A. There are plausible disease-causing mutations(i) within, affecting or encompassing an interpretable functional region(ii) of this gene identified in multiple (>3) unrelated cases/families with the phenotype(iii).
B. There are plausible disease-causing mutations(i) within, affecting or encompassing cis-regulatory elements convincingly affecting the expression of a single gene identified in multiple (>3) unrelated cases/families with the phenotype(iii).
C. As definitions A or B but in 2 or 3 unrelated cases/families with the phenotype, with the addition of convincing bioinformatic or functional evidence of causation e.g. known inborn error of metabolism with mutation in orthologous gene which is known to have the relevant deficient enzymatic activity in other species; existence of an animal model which recapitulates the human phenotype.
D. Evidence indicates that disease-causing mutations follow a Mendelian pattern of causation appropriate for reporting in a diagnostic setting(iv).
E. No convincing evidence exists or has emerged that contradicts the role of the gene in the specified phenotype.
(i)Plausible disease-causing mutations: Recurrent de novo mutations convincingly affecting gene function. Rare, fully-penetrant mutations - relevant genotype never, or very rarely, seen in controls. (ii) Interpretable functional region: ORF in protein coding genes miRNA stem or loop. (iii) Phenotype: the rare disease category, as described in the eligibility statement. (iv) Intermediate penetrance genes should not be included.
It’s assumed that loss-of-function variants in this gene can cause the disease/phenotype unless an exception to this rule is known. We would like to collect information regarding exceptions. An example exception is the PCSK9 gene, where loss-of-function variants are not relevant for a hypercholesterolemia phenotype as they are associated with increased LDL-cholesterol uptake via LDLR (PMID: 25911073).
If a curated set of known-pathogenic variants is available for this gene-phenotype, please contact us at [email protected]
We classify loss-of-function variants as those with the following Sequence Ontology (SO) terms:
Term descriptions can be found on the PanelApp homepage and Ensembl.
If you are submitting this evaluation on behalf of a clinical laboratory please indicate whether you report variants in this gene as part of your current diagnostic practice by checking the box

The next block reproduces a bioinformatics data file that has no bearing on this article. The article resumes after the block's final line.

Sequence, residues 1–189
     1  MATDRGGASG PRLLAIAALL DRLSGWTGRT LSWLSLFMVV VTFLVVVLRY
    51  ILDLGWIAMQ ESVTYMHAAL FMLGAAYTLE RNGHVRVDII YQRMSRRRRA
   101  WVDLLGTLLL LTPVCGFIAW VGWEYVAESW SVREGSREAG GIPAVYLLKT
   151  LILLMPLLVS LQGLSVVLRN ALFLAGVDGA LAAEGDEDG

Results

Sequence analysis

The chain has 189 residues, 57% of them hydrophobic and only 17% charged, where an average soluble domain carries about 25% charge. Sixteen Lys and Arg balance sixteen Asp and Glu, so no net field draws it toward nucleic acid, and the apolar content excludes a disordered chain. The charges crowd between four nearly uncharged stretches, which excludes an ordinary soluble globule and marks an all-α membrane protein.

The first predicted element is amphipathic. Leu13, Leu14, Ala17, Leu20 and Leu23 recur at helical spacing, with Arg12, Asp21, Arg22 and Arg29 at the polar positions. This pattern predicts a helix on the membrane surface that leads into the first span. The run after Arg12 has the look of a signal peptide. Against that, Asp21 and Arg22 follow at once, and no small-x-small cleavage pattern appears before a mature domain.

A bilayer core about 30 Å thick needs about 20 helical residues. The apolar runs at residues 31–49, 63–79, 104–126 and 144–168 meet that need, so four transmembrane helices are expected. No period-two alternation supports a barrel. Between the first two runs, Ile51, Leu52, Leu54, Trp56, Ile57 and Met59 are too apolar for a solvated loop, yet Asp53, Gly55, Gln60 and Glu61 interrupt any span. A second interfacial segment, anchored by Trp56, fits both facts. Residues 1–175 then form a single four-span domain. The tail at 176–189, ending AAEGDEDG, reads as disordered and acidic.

Standardised terms were used to represent the gene-disease mode of inheritance, and were mapped to commonly used terms from the different sources. Below each of the terms is described, along with the equivalent commonly-used terms.
A variant on one allele of this gene can cause the disease, and imprinting has not been implicated.
A variant on the paternally-inherited allele of this gene can cause the disease, if the alternate allele is imprinted (function muted).
A variant on the maternally-inherited allele of this gene can cause the disease, if the alternate allele is imprinted (function muted).
A variant on one allele of this gene can cause the disease. This is the default used for autosomal dominant mode of inheritance where no knowledge of the imprinting status of the gene required to cause the disease is known. Mapped to the following commonly used terms from different sources: autosomal dominant, dominant, AD, DOMINANT.
A variant on both alleles of this gene is required to cause the disease. Mapped to the following commonly used terms from different sources: autosomal recessive, recessive, AR, RECESSIVE.
The disease can be caused by a variant on one or both alleles of this gene. Mapped to the following commonly used terms from different sources: autosomal recessive or autosomal dominant, recessive or dominant, AR/AD, AD/AR, DOMINANT/RECESSIVE, RECESSIVE/DOMINANT.
A variant on one allele of this gene can cause the disease, however a variant on both alleles of this gene can result in a more severe form of the disease/phenotype.
A variant in this gene can cause the disease in males as they have one X-chromosome allele, whereas a variant on both X-chromosome alleles is required to cause the disease in females. Mapped to the following commonly used term from different sources: X-linked recessive.
A variant in this gene can cause the disease in males as they have one X-chromosome allele. A variant on one allele of this gene may also cause the disease in females, though the disease/phenotype may be less severe and may have a later-onset than is seen in males. X-linked inactivation and mosaicism in different tissues complicate whether a female presents with the disease, and can change over their lifetime. This term is the default setting used for X-linked genes, where it is not known definitately whether females require a variant on each allele of this gene in order to be affected. Mapped to the following commonly used terms from different sources: X-linked dominant, x-linked, X-LINKED, X-linked.
The gene is in the mitochondrial genome and variants within this can cause this disease, maternally inherited. Mapped to the following commonly used term from different sources: Mitochondrial.
Mapped to the following commonly used terms from different sources: Unknown, NA, information not provided.
For example, if the mode of inheritance is digenic, please indicate this in the comments and which other gene is involved.